Mullins was travelling with his wife Kate and daughter Eileen. Their son Richard (Dick) remained at home and in school looked after by the Barnes family. Barnes and Mullins were the greatest of friends and brothers-in-law. The family travelled from London to South Africa, where they spent a month before moving on to Australia. It is believed the family stayed with Albert Mullins’ brother for some of the time as he had emigrated to Australia a couple of years earlier. The success of this business trip is still evident today, with Barnes & Mullins Ltd receiving regular requests to value old B&M banjos in Australia and other British Commonwealth countries.
Unfortunately, we only have details of their trip gleaned from passenger records, but we know the next stop after Australia was Canada, arriving in Victoria on the 5 th March 1914. We believe the family crossed the entire country as Albert approached potential customers with Barnes & Mullins musical instruments.
Along with his handwritten notes, fragments of newspapers and a page from a promotional document for drumsticks were found. Furthermore, Mullins was apparently bringing back to England a few souvenirs he had acquired during the almost two years the family spent abroad: a set of intricately chiselled offering bowls with a “sayagata” pattern design which most probably came from China.
The other items have a more intriguing origin but all seem to be from the far east. One of them is a miniature dining set made of teak wood, that can be assembled to form a rectangular box. This very delicate object could be a toy or a puzzle that belonged to Eileen, who unfortunately also perished in the disaster at the tender age of just 10. The other item is a pair of candleholders that are also made of wood and can be disassembled to fit in a round box, typical of candleholders used in Buddhist home shrines. Finally, a miniature pagoda and temple were also found in the same spot on a second dive. A bit of mystery remains as to the exact origins of these items carried by Albert on board the Empress of Ireland. Of the almost two years he, Kate and Eileen were away from England, from July 1912 to May 1914, there is a large gap in their whereabouts and apart from Australia and South Africa, it cannot be established with certainty what other places they could have visited. Did they actually visit Japan, or China or purchased these items while in Australia? It is hard to say with certainty.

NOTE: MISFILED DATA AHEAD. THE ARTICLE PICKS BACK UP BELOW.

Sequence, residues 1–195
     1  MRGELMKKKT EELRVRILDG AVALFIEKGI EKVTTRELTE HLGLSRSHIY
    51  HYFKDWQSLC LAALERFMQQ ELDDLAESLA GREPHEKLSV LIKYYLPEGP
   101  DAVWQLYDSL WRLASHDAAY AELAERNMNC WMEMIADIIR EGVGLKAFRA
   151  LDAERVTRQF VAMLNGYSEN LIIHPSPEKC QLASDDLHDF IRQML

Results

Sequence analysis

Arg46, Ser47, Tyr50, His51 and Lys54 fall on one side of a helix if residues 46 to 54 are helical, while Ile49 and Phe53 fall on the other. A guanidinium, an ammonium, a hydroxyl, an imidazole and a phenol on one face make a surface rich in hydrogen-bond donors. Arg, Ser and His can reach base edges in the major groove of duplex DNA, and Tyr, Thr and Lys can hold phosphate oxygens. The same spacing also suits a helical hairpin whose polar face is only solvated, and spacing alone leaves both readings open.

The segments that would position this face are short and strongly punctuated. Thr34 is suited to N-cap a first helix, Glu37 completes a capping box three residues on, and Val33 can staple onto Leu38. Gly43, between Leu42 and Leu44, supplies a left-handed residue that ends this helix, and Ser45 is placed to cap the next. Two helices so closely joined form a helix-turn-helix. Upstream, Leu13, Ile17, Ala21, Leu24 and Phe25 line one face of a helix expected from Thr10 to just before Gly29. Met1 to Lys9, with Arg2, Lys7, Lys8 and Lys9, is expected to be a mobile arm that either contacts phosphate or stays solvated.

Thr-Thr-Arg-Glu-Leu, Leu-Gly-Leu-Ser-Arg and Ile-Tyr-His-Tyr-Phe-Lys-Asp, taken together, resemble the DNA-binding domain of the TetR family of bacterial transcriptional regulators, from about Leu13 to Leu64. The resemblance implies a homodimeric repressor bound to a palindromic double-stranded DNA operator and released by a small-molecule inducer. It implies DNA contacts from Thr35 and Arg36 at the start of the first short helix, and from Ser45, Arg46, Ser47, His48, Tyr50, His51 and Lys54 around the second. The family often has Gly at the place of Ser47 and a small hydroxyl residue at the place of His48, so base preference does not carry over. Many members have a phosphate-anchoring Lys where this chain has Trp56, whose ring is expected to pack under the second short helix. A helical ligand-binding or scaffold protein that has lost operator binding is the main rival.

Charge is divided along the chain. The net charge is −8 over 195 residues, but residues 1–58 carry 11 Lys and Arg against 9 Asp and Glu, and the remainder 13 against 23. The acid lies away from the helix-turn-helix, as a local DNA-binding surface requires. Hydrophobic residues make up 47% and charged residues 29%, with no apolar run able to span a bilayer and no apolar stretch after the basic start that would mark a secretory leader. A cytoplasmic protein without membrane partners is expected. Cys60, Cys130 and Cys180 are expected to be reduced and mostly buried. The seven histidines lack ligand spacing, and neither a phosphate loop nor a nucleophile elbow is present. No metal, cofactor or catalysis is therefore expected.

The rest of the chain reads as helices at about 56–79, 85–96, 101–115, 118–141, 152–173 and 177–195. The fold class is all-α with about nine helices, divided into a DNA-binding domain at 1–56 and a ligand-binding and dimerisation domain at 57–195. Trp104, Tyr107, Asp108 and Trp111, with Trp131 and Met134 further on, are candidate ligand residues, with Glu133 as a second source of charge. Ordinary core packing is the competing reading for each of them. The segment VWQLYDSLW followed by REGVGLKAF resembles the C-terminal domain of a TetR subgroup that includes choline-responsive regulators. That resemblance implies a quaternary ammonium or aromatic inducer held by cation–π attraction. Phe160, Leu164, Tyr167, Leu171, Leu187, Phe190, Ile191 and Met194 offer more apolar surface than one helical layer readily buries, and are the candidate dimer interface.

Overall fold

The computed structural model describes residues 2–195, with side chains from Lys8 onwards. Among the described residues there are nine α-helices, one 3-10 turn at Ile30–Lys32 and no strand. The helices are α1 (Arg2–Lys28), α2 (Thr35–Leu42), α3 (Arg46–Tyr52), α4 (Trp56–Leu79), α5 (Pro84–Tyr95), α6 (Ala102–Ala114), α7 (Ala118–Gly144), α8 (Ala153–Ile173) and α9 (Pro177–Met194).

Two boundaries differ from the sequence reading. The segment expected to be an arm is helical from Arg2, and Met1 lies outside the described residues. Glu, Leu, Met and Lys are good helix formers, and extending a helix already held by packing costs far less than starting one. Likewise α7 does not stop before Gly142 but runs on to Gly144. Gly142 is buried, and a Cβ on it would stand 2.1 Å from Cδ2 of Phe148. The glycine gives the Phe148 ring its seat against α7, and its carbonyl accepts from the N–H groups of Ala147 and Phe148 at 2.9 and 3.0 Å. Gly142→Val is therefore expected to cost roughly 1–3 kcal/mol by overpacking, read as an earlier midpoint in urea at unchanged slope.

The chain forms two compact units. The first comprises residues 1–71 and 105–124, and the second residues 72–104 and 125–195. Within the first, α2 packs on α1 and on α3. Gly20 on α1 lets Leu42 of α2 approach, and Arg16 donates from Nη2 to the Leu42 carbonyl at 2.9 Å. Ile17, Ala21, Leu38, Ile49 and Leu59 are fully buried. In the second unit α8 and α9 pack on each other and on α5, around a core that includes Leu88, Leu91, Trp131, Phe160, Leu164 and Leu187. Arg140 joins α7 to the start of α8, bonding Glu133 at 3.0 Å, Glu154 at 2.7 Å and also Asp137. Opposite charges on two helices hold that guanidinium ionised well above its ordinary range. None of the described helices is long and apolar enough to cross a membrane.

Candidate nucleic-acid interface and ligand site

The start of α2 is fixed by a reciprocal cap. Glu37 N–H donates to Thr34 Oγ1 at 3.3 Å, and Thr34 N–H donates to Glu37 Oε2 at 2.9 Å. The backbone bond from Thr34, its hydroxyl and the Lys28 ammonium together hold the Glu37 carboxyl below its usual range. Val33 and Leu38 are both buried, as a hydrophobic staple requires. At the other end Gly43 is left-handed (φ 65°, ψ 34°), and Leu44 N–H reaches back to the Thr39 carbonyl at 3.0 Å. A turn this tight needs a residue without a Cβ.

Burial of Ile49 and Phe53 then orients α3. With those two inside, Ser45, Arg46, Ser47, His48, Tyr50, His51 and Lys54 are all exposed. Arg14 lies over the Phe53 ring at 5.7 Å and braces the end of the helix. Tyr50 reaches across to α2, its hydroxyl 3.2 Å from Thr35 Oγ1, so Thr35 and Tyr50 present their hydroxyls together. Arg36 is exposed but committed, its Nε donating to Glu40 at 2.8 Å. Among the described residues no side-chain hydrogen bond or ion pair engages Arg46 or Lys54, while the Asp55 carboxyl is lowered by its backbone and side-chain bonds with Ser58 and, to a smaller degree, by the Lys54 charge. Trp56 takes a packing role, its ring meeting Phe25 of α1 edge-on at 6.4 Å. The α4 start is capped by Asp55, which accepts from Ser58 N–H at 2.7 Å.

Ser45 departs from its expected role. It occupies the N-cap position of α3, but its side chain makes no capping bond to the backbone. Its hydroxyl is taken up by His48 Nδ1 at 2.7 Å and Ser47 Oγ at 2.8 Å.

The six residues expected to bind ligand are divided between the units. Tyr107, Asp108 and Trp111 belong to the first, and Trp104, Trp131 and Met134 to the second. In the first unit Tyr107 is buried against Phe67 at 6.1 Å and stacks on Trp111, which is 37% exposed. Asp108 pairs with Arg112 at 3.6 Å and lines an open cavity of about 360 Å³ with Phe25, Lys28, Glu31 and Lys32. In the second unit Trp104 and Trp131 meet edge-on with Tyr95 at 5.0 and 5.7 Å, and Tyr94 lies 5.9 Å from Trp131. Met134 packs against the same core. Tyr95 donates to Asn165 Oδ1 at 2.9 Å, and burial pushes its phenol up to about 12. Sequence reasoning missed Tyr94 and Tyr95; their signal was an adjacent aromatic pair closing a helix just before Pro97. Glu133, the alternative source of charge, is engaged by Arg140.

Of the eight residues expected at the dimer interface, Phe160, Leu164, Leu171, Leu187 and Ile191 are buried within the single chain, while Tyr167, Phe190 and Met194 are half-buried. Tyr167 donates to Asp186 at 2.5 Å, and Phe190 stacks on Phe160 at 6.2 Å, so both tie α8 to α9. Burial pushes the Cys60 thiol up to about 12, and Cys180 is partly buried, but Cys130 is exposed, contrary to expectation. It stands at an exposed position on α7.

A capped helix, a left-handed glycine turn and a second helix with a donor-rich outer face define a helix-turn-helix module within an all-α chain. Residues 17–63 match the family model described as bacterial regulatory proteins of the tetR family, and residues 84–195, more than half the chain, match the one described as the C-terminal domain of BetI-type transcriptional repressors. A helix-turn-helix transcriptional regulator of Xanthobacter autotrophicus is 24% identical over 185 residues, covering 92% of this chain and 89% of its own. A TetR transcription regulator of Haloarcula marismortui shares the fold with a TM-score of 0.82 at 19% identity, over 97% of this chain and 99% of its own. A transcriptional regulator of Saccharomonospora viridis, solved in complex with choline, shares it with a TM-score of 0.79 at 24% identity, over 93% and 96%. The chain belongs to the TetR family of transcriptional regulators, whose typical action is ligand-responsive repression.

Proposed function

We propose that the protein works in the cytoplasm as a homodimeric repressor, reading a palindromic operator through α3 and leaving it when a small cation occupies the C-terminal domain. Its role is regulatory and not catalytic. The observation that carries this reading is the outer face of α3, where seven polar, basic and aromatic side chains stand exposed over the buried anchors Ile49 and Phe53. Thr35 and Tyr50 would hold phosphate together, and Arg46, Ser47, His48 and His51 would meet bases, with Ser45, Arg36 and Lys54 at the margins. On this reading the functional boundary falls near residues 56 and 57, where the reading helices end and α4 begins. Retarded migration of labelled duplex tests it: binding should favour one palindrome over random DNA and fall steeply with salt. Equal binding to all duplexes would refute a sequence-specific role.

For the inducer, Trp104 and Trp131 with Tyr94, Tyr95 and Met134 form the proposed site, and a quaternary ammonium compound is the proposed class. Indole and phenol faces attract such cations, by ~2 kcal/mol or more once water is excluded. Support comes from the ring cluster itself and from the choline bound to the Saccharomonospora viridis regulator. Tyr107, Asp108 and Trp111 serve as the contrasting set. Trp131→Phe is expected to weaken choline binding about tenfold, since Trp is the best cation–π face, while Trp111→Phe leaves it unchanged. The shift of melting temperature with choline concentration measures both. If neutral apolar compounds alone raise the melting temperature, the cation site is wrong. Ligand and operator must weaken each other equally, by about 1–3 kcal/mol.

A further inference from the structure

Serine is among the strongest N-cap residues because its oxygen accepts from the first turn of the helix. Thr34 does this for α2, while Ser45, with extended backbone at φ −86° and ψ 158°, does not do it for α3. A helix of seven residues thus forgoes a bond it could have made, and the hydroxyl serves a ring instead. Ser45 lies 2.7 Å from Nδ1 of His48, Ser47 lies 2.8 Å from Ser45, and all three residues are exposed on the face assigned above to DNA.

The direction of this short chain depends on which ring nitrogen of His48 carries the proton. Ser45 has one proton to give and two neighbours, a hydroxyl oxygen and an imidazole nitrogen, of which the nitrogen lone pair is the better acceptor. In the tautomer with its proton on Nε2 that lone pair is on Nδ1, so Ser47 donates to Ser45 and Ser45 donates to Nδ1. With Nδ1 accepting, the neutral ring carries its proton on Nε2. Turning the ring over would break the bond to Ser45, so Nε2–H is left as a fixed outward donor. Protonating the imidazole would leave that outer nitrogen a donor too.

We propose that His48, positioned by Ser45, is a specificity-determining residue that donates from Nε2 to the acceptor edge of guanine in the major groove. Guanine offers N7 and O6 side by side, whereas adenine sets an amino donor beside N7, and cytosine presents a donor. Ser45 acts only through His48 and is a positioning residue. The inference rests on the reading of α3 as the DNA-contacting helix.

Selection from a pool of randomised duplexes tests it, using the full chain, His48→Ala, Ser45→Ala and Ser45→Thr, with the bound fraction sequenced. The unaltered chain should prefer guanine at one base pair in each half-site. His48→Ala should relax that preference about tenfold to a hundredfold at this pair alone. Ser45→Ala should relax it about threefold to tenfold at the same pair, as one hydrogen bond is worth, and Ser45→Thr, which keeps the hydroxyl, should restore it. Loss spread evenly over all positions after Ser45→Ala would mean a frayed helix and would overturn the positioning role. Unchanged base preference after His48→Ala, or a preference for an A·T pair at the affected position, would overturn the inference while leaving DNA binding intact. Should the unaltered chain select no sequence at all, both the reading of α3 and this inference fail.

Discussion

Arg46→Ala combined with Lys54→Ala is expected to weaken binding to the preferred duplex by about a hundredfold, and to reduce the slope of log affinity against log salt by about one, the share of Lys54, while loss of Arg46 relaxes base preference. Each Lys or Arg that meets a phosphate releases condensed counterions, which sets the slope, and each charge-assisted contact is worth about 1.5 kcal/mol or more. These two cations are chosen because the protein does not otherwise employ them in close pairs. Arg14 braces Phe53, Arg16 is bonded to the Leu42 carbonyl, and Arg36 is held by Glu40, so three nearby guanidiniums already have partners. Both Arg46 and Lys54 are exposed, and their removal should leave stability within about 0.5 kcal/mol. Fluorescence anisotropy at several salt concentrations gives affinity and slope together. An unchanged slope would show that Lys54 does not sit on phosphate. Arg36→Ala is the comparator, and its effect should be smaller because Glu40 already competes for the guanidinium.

Kate survived the Empress of Ireland disaster with two broken legs and passed away in 1964, and her son Dick in 1985. Today, the Barnes & Mullins company continue to thrive and are thrilled to learn more about one of their founders. If company records ever existed, they have been lost many, many years ago and this glimpse into the very early part of the company history is very exciting for Brian Cleary, the current owner and managing director of the Barnes & Mullins company. As we prepare to mark the 110th anniversary of the sinking of the Empress of Ireland, the identification of these objects and their confirmed connection to one of the passengers serve as a poignant testimony of the lives that were lost, interrupted in their prime, and those of the survivors that were changed forever.
Special ceremonies will be held in Rimouski, Quebec, Canada, near the wrecksite, to mark the 110th anniversary. They will be organized by the Site Historique maritime de Pointe-au-Père, which includes the Empress of Ireland permanent museum.
The authors would like to thank Mark Reynolds, Guy D’Astous and Francis Lapointe for their generous help with this piece. Also, the Société d’histoire du Bas-Canada contributed to this story by giving access to its extensive documentation collection relating to the Empress of Ireland.
- Brian Cleary is the owner and Managing Director of Barnes & Mullins Ltd, one of the largest and oldest musical instrument distributors in the UK. Established in 1895, Barnes & Mullins are proud to supply many leading brands around the World.
- David Saint-Pierre is a historian and author, based in Montreal, Canada. He published two books on the history of the Empress of Ireland and is a member of the board of directors of the Site Historique maritime de Pointe-au-Père, the historical site that includes the Empress of Ireland permanent museum.